# Why is a charge a scalar?

1. Aug 14, 2014

### shangriphysics

Why is a charge from say an electron a scalar. It has a constant magnitude, and it has a direction.

2. Aug 14, 2014

### Vanadium 50

Staff Emeritus
In what direction do you think it points?

3. Aug 14, 2014

### haruspex

Having a sign (+/-) is not the same as having direction unless you're looking at a 1-dimensional space.

4. Aug 15, 2014

### ShayanJ

The +/- convention, is only a proper and easy to use convention!!!
Its OK to say that the two kinds of charges are black/white, fool/wise, fat/thin and any other pair of opposite nouns. The only problem is finding a way so that mathematically opposites attract and likes repel, and that's easiest when we use +/- convention, so we use it! There is nothing about direction here!

Last edited: Aug 15, 2014
5. Aug 15, 2014

### haruspex

No, it's a bit more than a convention. You can add charges, allowing charges of opposing signs to cancel appropriately. That's a genuine mathematical interpretation of the sign.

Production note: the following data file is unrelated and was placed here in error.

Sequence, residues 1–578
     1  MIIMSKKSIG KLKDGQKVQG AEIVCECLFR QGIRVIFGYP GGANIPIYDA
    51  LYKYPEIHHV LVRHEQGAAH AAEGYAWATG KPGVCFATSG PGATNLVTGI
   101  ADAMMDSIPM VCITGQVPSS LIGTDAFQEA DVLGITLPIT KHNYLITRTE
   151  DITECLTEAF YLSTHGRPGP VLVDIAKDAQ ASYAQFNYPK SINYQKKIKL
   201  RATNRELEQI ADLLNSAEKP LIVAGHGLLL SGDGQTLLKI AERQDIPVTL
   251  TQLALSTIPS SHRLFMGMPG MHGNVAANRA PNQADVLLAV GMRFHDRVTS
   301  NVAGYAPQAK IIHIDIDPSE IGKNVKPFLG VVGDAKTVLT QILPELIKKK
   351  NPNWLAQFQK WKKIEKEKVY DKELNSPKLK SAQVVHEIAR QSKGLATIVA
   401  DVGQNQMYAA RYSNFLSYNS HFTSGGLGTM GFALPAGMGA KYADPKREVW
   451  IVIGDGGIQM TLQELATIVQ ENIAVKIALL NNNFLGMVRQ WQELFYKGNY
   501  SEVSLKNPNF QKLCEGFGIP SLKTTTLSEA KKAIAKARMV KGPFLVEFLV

6. Aug 15, 2014

### ShayanJ

You can as well say a fool and a wise combined, make an ordinary person. Its just that the +/- convention needs no such additional weird construction.
I should add that the important role of mathematics in physics, makes the +/- convention also the most natural one, in addition to being an easy and proper one.

Last edited: Aug 15, 2014
7. Aug 15, 2014

### D H

Staff Emeritus
I suspect shangriphysics is using a dictionary definition of "scalar", such as "scalar - noun. (Mathematics, Physics). A quantity possessing only magnitude." (Source: http://dictionary.reference.com/browse/scalar).

In physics (and this is a physics question), charge is a scalar rather than a vector or a tensor. In fact, it's all three; a scalar can be viewed as a one dimensional vector or a zeroth order tensor. However, we usually don't call one dimensional vectors "vectors". We call them scalars.

8. Aug 15, 2014

### ShayanJ

I don't think that's correct because it means charge is something like a one dimensional position variable. But that's not true!
The +/- convention for electric charge is different from the +/- associated to different parts of the real line!

9. Aug 15, 2014

### D H

Staff Emeritus
Ignoring that charge is quantized, charge is exactly "something like a one dimensional position variable".

10. Aug 15, 2014

### hongiddong

Oh, I had this same question. This makes more sense now.

11. Aug 15, 2014

### shangriphysics

Thanks everyone for all your help! This is much clearer now to me!

12. Aug 16, 2014

### Shing Ernst

Now everything makes sense, I used to think (with similar reasoning) why energy can't be a vector.

Thanks, man!

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